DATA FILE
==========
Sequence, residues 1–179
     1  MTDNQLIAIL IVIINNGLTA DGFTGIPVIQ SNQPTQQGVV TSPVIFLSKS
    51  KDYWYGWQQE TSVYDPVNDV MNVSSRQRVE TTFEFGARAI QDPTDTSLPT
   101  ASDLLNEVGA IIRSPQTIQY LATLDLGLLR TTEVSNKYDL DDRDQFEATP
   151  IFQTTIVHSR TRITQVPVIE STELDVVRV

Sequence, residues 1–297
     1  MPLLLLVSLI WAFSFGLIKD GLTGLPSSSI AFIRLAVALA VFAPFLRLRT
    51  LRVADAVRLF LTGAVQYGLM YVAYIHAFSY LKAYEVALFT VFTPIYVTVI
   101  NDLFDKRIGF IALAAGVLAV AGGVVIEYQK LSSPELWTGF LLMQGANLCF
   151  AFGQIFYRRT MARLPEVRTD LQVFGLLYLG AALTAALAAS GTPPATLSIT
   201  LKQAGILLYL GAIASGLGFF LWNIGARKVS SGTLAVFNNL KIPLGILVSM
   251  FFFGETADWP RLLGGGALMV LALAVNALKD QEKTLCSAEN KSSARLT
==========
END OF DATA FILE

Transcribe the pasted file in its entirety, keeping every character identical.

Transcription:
Sequence, residues 1–179
     1  MTDNQLIAIL IVIINNGLTA DGFTGIPVIQ SNQPTQQGVV TSPVIFLSKS
    51  KDYWYGWQQE TSVYDPVNDV MNVSSRQRVE TTFEFGARAI QDPTDTSLPT
   101  ASDLLNEVGA IIRSPQTIQY LATLDLGLLR TTEVSNKYDL DDRDQFEATP
   151  IFQTTIVHSR TRITQVPVIE STELDVVRV

Sequence, residues 1–297
     1  MPLLLLVSLI WAFSFGLIKD GLTGLPSSSI AFIRLAVALA VFAPFLRLRT
    51  LRVADAVRLF LTGAVQYGLM YVAYIHAFSY LKAYEVALFT VFTPIYVTVI
   101  NDLFDKRIGF IALAAGVLAV AGGVVIEYQK LSSPELWTGF LLMQGANLCF
   151  AFGQIFYRRT MARLPEVRTD LQVFGLLYLG AALTAALAAS GTPPATLSIT
   201  LKQAGILLYL GAIASGLGFF LWNIGARKVS SGTLAVFNNL KIPLGILVSM
   251  FFFGETADWP RLLGGGALMV LALAVNALKD QEKTLCSAEN KSSARLT